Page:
1. Now report any anomalities to the mailinglist or the guys that told

you to read this howto.

Recommended Reading

http://wiki.openmoko.org/wiki/Getting_Started_with_your_Neo_FreeRunner http://wiki.openmoko.org/wiki/FreeRunner_GPS_antenna_repair_SOP http://wiki.openmoko.org/wiki/USB_Networking http://en.wikipedia.org/wiki/Global_Positioning_System

Personal tools

How to test AGPS on the Neo Freerunner

Apparently there are some questions regarding the GPS on some freerunners. There has been anecdotal evidence of time to first fix (TTFix) from between 40 seconds up to 30 minutes. Some owners have reported that they can't achieve TTFix and there are some Freerunners that appear to have bad solder joints between the GPS antenna connector and the Freerunner main PCB. There is a need for a proper method of testing and a howto describing how to test if a Freerunner has a abnormal TTFix or not.

This guide will assume that people has either managed to

  • a. correctly configured usb-networking or
  • b. correctly configured wifi-networking or
  • c. is capable of downloading opkg packages from

buildhost.openmoko.org/daily-feed/ to a computer and then transfer them to the Freerunner with scp.

First of all, what were trying to do is to get a estimate on how well the GPS works. This means that any numbers you aquire is _not_ necessarily comparable with somebody else's. If Alice reports seeing 13 satelites with an signal strength of ~ -140 dBm and got a FFix in 4 minutes then Bob can't assume he has a broken GPS if he saw only 5 satelites at a signal strength of ~ -145 dBm and it tok 45 minutes to get a FFix. If Charlie on the other hand saw only 2 satelites @ ~ -157 dBm and didn't get a FFix after leaving the freerunner on a table for two hours in the midle of nowhere and the freerunner had a clear 360 degrees view then Charlie can safely assume he indeed has a broken GPS.

In fact, these are the number we want you to report: Serial number on your phone. This number is printed on both the black box packaging and under the battery of your freerunner. All serialnumbers are 9 digits and they begin with S/N: 8A86<xxxxx> In adition, we would like you to report then number of satelites your phone managed to detect and a estimate on what the average signal strength in dBm for those satelites. (We don't need to know the average for each satelite, just the average for all satelites.)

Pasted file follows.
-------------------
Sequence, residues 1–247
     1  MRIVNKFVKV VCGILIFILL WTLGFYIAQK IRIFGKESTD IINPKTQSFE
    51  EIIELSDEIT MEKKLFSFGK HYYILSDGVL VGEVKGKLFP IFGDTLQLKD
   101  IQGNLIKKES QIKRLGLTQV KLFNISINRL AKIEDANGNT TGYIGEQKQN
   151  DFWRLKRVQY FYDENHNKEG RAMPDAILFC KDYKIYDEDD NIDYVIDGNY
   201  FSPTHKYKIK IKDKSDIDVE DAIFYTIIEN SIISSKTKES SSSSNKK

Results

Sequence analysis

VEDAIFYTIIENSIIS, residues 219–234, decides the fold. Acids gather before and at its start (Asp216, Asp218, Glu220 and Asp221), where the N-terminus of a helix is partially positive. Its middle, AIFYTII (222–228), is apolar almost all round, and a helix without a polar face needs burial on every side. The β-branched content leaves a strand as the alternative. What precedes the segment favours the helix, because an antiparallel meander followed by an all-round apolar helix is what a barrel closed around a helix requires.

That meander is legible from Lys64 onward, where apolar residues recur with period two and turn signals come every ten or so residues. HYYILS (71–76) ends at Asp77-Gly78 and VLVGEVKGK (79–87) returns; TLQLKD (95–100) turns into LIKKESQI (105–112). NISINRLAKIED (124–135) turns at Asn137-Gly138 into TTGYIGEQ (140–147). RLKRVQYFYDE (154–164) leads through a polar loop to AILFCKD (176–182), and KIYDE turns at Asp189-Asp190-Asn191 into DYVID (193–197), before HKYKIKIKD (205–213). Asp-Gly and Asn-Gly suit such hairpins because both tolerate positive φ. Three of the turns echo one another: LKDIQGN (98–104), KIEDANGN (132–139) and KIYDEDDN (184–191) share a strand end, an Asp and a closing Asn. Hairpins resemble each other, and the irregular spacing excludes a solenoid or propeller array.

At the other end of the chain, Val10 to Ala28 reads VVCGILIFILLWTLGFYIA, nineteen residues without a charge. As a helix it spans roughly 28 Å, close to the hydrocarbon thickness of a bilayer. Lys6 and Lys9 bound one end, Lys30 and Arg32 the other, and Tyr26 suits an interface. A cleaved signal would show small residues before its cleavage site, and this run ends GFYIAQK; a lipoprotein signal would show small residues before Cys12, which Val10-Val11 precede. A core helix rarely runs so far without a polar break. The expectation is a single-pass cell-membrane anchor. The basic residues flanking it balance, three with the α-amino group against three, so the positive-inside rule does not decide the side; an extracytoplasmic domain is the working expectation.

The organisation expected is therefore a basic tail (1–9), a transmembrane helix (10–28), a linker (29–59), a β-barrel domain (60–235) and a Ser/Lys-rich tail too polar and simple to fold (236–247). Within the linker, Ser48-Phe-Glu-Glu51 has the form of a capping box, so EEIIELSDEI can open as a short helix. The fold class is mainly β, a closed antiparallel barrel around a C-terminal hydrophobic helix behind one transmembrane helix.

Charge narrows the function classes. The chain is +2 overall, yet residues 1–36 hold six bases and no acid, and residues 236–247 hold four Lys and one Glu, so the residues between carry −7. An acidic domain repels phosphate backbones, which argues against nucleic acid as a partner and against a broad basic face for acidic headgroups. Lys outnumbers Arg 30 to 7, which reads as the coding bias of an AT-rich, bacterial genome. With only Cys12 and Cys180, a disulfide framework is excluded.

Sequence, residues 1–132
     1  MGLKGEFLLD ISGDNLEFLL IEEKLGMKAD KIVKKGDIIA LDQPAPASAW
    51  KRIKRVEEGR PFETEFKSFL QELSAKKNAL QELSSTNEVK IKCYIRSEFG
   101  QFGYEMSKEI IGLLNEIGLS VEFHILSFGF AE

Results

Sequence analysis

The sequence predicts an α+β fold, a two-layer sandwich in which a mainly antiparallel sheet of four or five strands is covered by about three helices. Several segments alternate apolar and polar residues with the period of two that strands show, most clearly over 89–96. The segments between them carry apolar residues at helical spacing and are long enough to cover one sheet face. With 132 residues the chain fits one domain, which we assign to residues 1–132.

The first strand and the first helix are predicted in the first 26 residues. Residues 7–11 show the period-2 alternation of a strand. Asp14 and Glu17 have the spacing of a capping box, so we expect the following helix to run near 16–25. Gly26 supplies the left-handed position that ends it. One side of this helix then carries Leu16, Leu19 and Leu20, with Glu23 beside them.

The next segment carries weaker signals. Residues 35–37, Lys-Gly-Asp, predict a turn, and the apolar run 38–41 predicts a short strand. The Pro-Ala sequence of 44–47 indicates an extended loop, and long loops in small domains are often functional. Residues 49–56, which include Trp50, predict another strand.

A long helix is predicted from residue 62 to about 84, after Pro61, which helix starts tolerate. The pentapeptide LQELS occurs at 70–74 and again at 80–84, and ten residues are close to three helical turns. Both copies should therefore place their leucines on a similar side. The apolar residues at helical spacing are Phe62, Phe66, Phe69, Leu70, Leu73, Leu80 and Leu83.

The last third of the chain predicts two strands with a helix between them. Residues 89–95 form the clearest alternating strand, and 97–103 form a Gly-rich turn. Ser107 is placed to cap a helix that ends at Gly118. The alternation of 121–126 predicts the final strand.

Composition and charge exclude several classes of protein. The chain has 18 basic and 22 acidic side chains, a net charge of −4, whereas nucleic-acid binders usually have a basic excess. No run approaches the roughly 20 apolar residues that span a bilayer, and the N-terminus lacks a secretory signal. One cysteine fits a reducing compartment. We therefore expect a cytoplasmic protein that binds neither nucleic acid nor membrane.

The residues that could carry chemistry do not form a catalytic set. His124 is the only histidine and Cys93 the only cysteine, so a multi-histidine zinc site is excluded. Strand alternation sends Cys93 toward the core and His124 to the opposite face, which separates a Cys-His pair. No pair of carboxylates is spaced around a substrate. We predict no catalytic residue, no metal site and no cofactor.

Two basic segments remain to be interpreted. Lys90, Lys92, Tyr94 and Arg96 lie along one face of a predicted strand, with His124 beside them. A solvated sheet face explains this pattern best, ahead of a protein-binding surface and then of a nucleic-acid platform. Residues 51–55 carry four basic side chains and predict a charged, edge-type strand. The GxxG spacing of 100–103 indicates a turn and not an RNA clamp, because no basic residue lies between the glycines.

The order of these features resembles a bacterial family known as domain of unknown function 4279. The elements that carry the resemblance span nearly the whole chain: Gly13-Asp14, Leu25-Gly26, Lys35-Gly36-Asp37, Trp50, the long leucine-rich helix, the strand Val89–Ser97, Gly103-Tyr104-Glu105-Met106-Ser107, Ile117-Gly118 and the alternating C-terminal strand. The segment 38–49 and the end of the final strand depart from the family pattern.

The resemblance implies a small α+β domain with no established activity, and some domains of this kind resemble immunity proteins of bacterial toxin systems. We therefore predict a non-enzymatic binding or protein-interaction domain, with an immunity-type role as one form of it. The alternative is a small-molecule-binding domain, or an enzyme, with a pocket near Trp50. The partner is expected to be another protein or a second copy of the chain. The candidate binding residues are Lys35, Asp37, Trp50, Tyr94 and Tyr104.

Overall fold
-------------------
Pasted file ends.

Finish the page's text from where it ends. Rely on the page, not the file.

howto

1. Assuming you have a fresh-from-the-factory freerunner, first get some basic networking configured. this is beyond the scope of this howto. 2. ssh to the freerunner : [ ssh root@192.168.0.202 ] 3a. If you have a working wifi or usb network: [ opkg update ] ( Ignore all warnings about missing signature files, the openmoko repository haven't got any at the moment.) 3b. Or if your doing this the basic way, download openmoko-agpsui and then transfer to your freerunner: [ wget http://buildhost.openmoko.org/daily-feed/armv4t/openmoko-agpsui_*.ipk ] [ scp openmoko-agpsui_*.ipk root@192.168.0.202:/home/root/. ]

4. Install the package openmoko-agpsui: [ opkg install openmoko-agpsui ] or [ opkg install openmoko-agpsui_*.ipk ]

5. After having completed all these steps sucessfully your ready to test your freerunner. Charge your battery to full capacity (can't hurt), wait for a clear weather and then check out places you can visit. The ideal place is Charlie's midle of nowhere, but the next best thing is a area with clear view of the sky and no towering foliage or buildings nearby. Nice weather is a must have because you don't want your shiny freerunner to get soaked do you?